REVIEW OF THE UNITARIAN POPE

REVIEW OF THE UNITARIAN POPE

THE JOURNAL OF UNITARIAN

UNIVERSALIST HISTORY

BY ANDREA GREENWOOD

CO-AUTHOR, AN INTRODUCTION TO THE UNITARIAN & UNIVERSALIST TRADITIONS

CAMBRIDGE UNIVERSITY PRESS, 2011

The Unitarian Pope: Brooke Herford’s Ministry in Chicago and Boston, 1876-1892. Alan Seaburg. Anne Miniver Press, 10`4. 182 pp. (Kindle).

If you are like me, Brooke Herford’s name is familiar yet without particular clarity. I associated him with Jabez Sunderland, and as an inveterate writer of letters to the Christian Register. I am embarrassed to learn that four of Herford’s five major settlements are places I have spent plenty of time in. Shame on me. And thank you, Alan Seaburg, for acquainting me with the man.

Seaburg’s book began as an entry for the online Dictionary of Unitarian Universalist Biography (DUUB, accessed at uudb.org), a useful complement to this volume, which is limited to the British Unitarian minister’s time in the United States. The Unitarian Pope is based primarily on round robin letters Herford (1830-1903) wrote back to friends and family in England, with the expectation that they be shared, and as such they create a portrayal of Herford from his own perspective, and set in context by Seaburg’s considerable research.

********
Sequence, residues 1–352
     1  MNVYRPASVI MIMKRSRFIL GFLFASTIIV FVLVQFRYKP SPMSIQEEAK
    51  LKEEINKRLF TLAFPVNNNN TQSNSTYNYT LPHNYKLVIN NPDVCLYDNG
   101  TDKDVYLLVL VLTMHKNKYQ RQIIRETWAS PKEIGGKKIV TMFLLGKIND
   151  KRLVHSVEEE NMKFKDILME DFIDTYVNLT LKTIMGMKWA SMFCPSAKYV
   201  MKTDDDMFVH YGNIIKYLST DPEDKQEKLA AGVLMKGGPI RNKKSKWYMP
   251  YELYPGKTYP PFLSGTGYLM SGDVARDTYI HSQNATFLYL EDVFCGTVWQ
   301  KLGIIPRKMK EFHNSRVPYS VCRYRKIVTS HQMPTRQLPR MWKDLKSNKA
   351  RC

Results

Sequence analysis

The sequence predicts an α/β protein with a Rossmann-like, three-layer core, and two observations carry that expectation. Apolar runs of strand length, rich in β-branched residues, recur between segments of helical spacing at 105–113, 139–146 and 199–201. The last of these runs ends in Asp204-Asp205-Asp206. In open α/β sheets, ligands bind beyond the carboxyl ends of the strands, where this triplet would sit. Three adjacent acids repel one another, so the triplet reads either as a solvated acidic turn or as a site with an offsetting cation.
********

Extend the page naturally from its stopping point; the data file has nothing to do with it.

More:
The five sections of the book cover Herford’s American settlements, which followed pastorates in Sheffield and Manchester, England. More than a third of the book is devoted to the years 1876-1882, at the Church of the Messiah (First Unitarian) in Chicago. Herford’s second American settlement, Arlington Street Church in Boston, is the concern of almost half the book, but the ten years are divided in two sections: 1882-1885, for which Seaburg had Herford’s letters, and 1885-1892, for which he did not. In 1892, Herford returned to England and served at Rosslyn Hill in London for the remainder of his days. His visit to the United States in 1895, in order to give the Dudleian Lecture at Harvard, is the subject of the short fourth section of the book, followed by Seaburg’s own brief reflections.